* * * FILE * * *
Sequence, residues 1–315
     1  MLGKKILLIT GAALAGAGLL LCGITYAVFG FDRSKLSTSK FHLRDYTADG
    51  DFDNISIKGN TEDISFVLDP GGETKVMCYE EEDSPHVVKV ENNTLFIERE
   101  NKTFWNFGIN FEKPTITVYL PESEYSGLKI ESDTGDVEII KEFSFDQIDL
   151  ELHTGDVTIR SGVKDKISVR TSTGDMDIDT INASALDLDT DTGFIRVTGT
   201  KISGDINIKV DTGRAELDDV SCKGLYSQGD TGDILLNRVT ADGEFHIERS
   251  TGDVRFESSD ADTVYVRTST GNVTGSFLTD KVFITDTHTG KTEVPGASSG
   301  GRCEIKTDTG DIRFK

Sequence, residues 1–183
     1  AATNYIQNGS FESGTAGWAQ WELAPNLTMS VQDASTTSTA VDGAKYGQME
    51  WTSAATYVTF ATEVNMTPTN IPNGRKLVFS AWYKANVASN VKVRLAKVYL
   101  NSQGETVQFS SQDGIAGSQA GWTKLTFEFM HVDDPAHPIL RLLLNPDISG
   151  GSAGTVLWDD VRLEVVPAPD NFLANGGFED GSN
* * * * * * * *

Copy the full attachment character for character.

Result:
Sequence, residues 1–315
     1  MLGKKILLIT GAALAGAGLL LCGITYAVFG FDRSKLSTSK FHLRDYTADG
    51  DFDNISIKGN TEDISFVLDP GGETKVMCYE EEDSPHVVKV ENNTLFIERE
   101  NKTFWNFGIN FEKPTITVYL PESEYSGLKI ESDTGDVEII KEFSFDQIDL
   151  ELHTGDVTIR SGVKDKISVR TSTGDMDIDT INASALDLDT DTGFIRVTGT
   201  KISGDINIKV DTGRAELDDV SCKGLYSQGD TGDILLNRVT ADGEFHIERS
   251  TGDVRFESSD ADTVYVRTST GNVTGSFLTD KVFITDTHTG KTEVPGASSG
   301  GRCEIKTDTG DIRFK

Sequence, residues 1–183
     1  AATNYIQNGS FESGTAGWAQ WELAPNLTMS VQDASTTSTA VDGAKYGQME
    51  WTSAATYVTF ATEVNMTPTN IPNGRKLVFS AWYKANVASN VKVRLAKVYL
   101  NSQGETVQFS SQDGIAGSQA GWTKLTFEFM HVDDPAHPIL RLLLNPDISG
   151  GSAGTVLWDD VRLEVVPAPD NFLANGGFED GSN